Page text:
We need more radical solutions for diversity and inclusion
It’s clear change won’t happen fast — unless we experiment and aren’t afraid to fail.
It’s been two years since we founded Project Include. In our first year, we saw people clearly starting to understand that tech is neither inclusive nor diverse. But we also saw they were mostly uncertain, unmotivated or afraid to improve.
At the end of our second year, we see people more eager to take on transformational change. But we also see that it’s extremely difficult to create a diverse and inclusive culture quickly — regardless of company size or CEO commitment — if you depend only on the current set of popular diversity and inclusion activities.
Setting an inclusive culture through ongoing training, creating transparency in wage bands, removing bias from job descriptions and the recruiting process, hiring a D&I lead… these are all necessary actions, but results are slow. Implementing all these strategies won’t get your employee base to reflect America’s broader demographics overnight. In fact, at today’s pace, and without more revolutionary ideas, we may not see changes in our lifetime — or even our children’s lifetimes.
Juxtaposed with this disheartening insight, however, is the silver lining:
We’ve recently seen an encouraging level of CEOs who are interested in transformational, revolutionary change.
In the beginning, leaders were hesitant — often scared — to act, even if they were fully supportive of the need for D&I. Last month I met with two startups that have fully embraced inclusion from the top and are seeking out new, revolutionary solutions.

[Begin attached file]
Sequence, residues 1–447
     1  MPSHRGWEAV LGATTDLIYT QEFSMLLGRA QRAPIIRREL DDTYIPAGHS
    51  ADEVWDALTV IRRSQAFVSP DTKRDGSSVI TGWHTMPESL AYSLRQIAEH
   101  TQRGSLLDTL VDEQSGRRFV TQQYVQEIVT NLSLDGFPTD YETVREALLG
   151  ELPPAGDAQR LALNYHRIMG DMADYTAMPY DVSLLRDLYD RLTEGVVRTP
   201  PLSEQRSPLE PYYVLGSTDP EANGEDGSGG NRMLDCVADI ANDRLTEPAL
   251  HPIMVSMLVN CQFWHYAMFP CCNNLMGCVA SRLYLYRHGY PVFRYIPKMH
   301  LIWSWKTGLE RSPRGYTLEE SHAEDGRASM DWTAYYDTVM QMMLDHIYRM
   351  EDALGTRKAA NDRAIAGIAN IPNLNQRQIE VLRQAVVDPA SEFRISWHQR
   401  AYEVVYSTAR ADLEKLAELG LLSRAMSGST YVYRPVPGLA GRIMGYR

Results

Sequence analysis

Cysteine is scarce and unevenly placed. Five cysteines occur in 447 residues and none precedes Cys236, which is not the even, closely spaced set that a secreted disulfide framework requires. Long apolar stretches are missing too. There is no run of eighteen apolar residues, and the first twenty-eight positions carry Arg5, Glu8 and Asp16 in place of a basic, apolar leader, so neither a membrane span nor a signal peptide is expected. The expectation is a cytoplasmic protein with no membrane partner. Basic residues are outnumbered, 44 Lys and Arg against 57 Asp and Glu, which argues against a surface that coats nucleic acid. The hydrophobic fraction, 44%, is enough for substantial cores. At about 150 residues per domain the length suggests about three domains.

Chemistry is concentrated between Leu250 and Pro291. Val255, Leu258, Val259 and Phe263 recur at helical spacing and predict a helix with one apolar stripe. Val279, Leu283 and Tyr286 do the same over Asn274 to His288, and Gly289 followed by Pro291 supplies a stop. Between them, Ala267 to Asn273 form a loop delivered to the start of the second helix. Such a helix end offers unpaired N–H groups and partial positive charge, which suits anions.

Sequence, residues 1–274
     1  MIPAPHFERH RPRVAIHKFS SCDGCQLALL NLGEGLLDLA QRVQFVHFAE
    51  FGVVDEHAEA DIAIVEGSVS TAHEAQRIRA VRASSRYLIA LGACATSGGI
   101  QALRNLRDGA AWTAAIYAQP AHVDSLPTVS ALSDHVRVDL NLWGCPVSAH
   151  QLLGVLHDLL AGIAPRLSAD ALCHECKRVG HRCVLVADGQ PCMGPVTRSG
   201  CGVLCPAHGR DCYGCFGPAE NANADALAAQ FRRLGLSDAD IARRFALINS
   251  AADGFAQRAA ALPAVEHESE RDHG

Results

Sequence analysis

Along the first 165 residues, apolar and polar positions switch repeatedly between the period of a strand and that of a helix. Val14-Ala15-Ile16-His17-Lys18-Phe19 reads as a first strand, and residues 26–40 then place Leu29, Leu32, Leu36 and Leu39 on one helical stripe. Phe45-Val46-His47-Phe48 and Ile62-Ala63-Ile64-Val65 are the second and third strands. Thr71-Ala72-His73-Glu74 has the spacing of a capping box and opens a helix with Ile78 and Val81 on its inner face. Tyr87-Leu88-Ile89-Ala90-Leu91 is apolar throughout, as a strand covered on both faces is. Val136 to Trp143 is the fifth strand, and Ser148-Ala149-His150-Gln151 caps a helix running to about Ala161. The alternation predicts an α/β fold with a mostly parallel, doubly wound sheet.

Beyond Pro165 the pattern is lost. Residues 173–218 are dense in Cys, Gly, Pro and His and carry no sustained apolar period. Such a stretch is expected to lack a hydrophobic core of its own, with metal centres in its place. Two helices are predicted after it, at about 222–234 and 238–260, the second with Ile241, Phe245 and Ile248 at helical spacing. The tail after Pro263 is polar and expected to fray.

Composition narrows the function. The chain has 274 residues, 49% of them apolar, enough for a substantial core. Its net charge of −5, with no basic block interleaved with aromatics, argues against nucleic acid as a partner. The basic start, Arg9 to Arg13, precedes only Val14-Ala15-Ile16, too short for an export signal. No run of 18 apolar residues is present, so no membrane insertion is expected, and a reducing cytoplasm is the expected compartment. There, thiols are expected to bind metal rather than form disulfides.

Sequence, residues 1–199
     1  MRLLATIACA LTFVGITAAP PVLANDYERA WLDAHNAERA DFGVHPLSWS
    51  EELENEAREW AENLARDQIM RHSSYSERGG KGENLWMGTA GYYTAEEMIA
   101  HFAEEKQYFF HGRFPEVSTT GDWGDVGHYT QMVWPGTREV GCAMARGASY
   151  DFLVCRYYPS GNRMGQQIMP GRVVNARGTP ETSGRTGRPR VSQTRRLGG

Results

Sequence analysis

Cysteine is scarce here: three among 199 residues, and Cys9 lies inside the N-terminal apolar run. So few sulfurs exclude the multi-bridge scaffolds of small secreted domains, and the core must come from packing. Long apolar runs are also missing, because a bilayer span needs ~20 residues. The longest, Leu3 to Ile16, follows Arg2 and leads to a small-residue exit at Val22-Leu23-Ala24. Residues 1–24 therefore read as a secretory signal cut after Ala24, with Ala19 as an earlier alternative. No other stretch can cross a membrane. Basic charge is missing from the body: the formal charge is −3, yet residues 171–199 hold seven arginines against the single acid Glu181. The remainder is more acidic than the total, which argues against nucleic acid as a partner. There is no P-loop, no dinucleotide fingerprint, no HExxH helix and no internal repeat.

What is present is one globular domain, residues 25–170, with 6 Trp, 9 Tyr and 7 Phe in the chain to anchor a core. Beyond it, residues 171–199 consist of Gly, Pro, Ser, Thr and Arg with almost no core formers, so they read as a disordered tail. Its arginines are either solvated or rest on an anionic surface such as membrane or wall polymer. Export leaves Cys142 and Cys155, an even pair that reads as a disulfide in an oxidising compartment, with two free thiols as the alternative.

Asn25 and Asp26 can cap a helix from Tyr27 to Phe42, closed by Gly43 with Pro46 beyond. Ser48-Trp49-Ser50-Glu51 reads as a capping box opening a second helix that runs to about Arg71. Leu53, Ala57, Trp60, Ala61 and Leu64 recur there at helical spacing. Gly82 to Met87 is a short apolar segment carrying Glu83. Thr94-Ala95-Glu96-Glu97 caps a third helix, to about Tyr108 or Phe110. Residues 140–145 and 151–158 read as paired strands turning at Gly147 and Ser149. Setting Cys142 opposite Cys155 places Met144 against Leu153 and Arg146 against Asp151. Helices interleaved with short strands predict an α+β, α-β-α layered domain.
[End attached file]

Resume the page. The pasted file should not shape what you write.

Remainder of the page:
And that’s important. One topic we’ve discussed in detail is how to craft more radical ways to accelerate inclusion in tech culture so we don’t have to wait generations for a level playing field.
Here are some ideas that we are starting to research and talk about:
- Reflecting workforce demographics on all your teams. Set timelines for reaching parity. Incorporate diverse experiences at all levels, especially at the top, and in all groups. Target candidates from underrepresented groups with diversity referral bonuses and dedicated diversity recruiters. Measure attrition of underrepresented groups as part of manager and HR performance. Adopt the Rooney Rule and require at least two or three (not just one) candidates from underrepresented groups in the final candidate pool for every manager or executive hire — and especially for board roles.
- Putting out an inclusion rider. Make diversity hiring a hard commitment. We should follow Hollywood’s lead for once and build diversity into our ecosystem in contract terms.
- Setting measurable D&I goals. Reward employees for meeting them, and penalize those who completely fail at them. Survey your team to analyze diversity demographics by subgroup, and intersectional subgroups if you are large enough. Measure inclusion by analyzing satisfaction levels across subgroups.
- Using an Inclusion Index. Convert survey results into a measure that looks at demographics across levels, functions, compensation, and satisfaction levels across several areas. Track progress at least every six months and hold people accountable for meaningful change.